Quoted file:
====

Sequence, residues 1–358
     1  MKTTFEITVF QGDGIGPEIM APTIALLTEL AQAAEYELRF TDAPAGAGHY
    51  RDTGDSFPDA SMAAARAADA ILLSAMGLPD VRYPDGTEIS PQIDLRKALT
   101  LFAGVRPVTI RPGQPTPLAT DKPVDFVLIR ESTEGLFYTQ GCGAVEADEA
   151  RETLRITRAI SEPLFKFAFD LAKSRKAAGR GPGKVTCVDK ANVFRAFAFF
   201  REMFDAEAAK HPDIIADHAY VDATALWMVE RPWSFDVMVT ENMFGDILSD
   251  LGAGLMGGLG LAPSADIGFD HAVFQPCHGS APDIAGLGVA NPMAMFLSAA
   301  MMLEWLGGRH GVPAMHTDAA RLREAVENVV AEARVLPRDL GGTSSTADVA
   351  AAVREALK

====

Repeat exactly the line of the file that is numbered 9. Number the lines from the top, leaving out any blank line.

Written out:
   351  AAVREALK